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Vineyard land in England ‘couldn’t possibly be cheaper’

England has enormous potential to expand its wine output, with one leading producer claiming the price of vineyard land “couldn’t possibly be cheaper”.

Speaking to the drinks business, Ian Kellett, owner of Hambledon Vineyard in Hampshire, was bullish about the country’s expansion prospects.

“The price of land in England couldn’t possibly be cheaper right now. The average price of farmland in UK is £12,000-£15,000 an acre, whereas in Champagne the price of a hectare of land ranges from €800,000 to €2.2 million.

“There’s loads of viable land available for planting in England – we’ve barely even begun yet. It took the Champenois 300 years to work out where to grow things.

“To get bigger yields you have to plant more vineyards and we’re always looking for opportunities to expand,” he said.

Having forecast a “massive oversupply” back in 2019 due to a surge in new vineyard plantings across the country, Richard Balfour-Lynn of Balfour Winery in Kent believes the pandemic has helped to redress the supply/demand balance.

“Covid has moved the needle slightly, as have poor harvests in Europe and New Zealand, meaning there’s less wine available at the moment, so in the short term the balance between supply and demand is right.

“I worry about a large number of people planting in England and assuming it’s easy. The key is developing a brand that people recognise and understand is premium.

“I think a lot of people will struggle, as they assume that it’s easy to sell English wine, which isn’t the case, but I’m cautiously optimistic about the state of play in the industry at the moment.

“We’re looking to produce an average of 750,000 to one million bottles a year. We’re making 500,000 bottles right now. We’ll mark our 20th anniversary next year, so I’d hardly call it rapid expansion,” Balfour-Lynn quipped.

He described the 2021 harvest as “the most challenging year” he’d ever seen. “We had frost in spring and terrible weather in August, leading to potential rot problems, but we had a record harvest and good quality juice. The sugar levels are low, which means we won’t be able to make a still red, but we’re able to do everything we want to apart from that.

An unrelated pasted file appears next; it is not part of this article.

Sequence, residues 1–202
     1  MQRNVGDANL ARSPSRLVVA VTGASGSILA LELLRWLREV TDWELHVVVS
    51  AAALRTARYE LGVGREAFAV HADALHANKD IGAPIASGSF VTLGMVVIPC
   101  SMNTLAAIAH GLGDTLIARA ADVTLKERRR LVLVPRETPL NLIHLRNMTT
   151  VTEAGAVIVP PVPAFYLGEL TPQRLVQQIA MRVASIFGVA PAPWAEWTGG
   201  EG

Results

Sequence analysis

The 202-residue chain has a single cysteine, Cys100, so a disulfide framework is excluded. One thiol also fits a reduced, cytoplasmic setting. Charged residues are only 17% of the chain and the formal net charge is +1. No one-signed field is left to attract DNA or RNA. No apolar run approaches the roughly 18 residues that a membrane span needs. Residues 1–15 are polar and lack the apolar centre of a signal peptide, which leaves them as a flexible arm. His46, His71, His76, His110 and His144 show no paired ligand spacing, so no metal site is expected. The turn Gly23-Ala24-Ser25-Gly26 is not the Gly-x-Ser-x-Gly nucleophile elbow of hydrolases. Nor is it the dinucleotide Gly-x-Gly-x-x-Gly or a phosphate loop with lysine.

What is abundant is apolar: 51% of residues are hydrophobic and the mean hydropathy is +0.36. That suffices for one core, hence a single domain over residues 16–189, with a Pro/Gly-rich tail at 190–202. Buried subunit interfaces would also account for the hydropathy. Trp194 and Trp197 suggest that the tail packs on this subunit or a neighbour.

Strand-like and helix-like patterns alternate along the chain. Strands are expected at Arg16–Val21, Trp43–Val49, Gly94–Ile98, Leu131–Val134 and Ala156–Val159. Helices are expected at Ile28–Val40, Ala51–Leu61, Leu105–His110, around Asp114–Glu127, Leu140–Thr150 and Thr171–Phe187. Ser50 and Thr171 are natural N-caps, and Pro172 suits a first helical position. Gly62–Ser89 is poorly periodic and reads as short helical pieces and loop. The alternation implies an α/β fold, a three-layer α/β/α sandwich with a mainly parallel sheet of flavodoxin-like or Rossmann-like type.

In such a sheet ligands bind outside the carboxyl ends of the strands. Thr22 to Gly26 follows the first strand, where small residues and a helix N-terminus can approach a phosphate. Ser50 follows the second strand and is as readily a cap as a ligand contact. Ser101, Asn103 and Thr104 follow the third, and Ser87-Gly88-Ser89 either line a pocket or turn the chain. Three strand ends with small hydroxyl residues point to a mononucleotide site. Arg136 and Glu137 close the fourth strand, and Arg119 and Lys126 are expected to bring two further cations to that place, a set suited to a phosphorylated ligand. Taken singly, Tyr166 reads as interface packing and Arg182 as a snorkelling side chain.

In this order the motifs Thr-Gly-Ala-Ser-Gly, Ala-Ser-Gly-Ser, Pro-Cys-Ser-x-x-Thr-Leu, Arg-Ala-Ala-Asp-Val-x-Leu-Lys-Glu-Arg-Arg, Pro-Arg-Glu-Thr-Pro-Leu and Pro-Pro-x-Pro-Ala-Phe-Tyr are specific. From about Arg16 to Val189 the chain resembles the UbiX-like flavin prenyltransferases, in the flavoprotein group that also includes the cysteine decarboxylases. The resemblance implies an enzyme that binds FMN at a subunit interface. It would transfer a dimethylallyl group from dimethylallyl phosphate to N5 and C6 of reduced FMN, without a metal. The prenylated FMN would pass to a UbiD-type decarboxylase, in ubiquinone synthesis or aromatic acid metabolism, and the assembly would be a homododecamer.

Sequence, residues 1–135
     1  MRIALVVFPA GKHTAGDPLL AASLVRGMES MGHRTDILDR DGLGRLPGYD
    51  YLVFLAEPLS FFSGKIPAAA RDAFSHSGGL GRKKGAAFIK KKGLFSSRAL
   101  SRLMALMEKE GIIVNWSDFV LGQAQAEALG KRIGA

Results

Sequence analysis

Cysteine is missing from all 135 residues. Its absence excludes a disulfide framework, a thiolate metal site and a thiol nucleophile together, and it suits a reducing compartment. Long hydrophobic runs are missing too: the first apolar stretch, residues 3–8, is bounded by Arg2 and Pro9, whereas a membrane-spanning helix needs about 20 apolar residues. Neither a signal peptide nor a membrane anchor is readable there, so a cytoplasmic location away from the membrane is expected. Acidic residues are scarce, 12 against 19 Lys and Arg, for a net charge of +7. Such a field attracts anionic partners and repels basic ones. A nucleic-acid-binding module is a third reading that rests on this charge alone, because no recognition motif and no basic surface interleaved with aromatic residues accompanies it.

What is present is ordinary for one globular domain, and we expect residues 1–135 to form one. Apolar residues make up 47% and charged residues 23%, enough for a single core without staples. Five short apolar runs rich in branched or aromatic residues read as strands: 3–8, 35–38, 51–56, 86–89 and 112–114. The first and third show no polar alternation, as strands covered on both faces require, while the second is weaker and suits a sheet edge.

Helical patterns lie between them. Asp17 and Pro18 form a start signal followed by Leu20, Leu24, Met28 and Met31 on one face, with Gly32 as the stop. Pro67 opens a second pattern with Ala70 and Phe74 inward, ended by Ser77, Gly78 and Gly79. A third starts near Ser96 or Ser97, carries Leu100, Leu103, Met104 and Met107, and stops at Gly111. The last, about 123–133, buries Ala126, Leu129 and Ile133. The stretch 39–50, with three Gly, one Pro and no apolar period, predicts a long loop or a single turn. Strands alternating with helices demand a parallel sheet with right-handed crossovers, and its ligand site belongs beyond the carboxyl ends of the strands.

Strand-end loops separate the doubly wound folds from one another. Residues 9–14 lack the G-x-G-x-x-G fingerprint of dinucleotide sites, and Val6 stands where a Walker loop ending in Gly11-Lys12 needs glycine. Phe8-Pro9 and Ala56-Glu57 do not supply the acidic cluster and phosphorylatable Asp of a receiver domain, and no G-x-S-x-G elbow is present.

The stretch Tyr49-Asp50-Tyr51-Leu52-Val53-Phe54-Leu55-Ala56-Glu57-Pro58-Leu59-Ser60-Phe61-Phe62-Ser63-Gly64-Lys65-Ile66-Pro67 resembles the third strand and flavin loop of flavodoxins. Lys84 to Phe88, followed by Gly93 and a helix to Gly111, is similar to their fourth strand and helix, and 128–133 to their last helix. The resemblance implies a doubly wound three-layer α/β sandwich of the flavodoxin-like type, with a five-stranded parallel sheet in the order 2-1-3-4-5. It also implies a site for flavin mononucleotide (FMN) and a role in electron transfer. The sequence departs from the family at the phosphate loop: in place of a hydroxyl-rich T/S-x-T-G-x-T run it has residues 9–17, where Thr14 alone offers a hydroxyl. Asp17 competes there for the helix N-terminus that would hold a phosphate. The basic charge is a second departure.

“You had to look at your vines every day during the growing season – if you missed a spray round for a day you were in trouble. Some people missed things by a day and suffered because of it. It came down to attention to detail,” he said.

For Charlie Holland, CEO and head winemaker of Gusbourne in Kent (pictured left), 2021 was the latest harvest of his career, with yields at the estate down on their average.

“We’ve picked at the end of October before, but never into November. We left the grapes for our still wines out there for longer for the sugars, as it was a cooler year. I’m pretty happy with what we’ve got. Getting the acid to drop on our Chardonnay was a challenge.

“Despite everything that was thrown at us we got good sugar and acidity levels in our Pinot, so I’m quite upbeat considering where we were in the summer.

“This kind of year was a very normal year for England when I first got involved in wine 15 years ago, but we’ve been seduced by the past decade, with its warm September harvests,” he told db.

Bob Lindo of Camel Valley in Cornwall found the 2021 vintage to be “better than predicted” following “the worst spring” he’d ever known as a winemaker.

“An Indian summer saved the day here, so things did ripen. Our yields were down by around 30%, but we’ll make some decent wine this year,” he said.

As to whether there’s a glut on the horizon for English wine, Lindo doesn’t think it will happen any time soon.

“People are planting everywhere, so we will have to worry about a glut eventually, but that’s a long way off. One of the biggest barriers to the expansion of the industry is the unpredictability of the climate and the weather,” he said.

As for Kellett of Hambledon, his yields were down by around 30-40% this year. “We didn’t have problems with frost as we’re close to the sea, which helps a lot. The bigger issue for us was rainfall during flowering and through the summer months. The heatwave came a week too late,” he said.

“We picked our black grapes later than normal. I’m pleased we’re only making sparkling this year. While we did achieve very clean fruit, all of the wine we make this year will be non-vintage,” he added.

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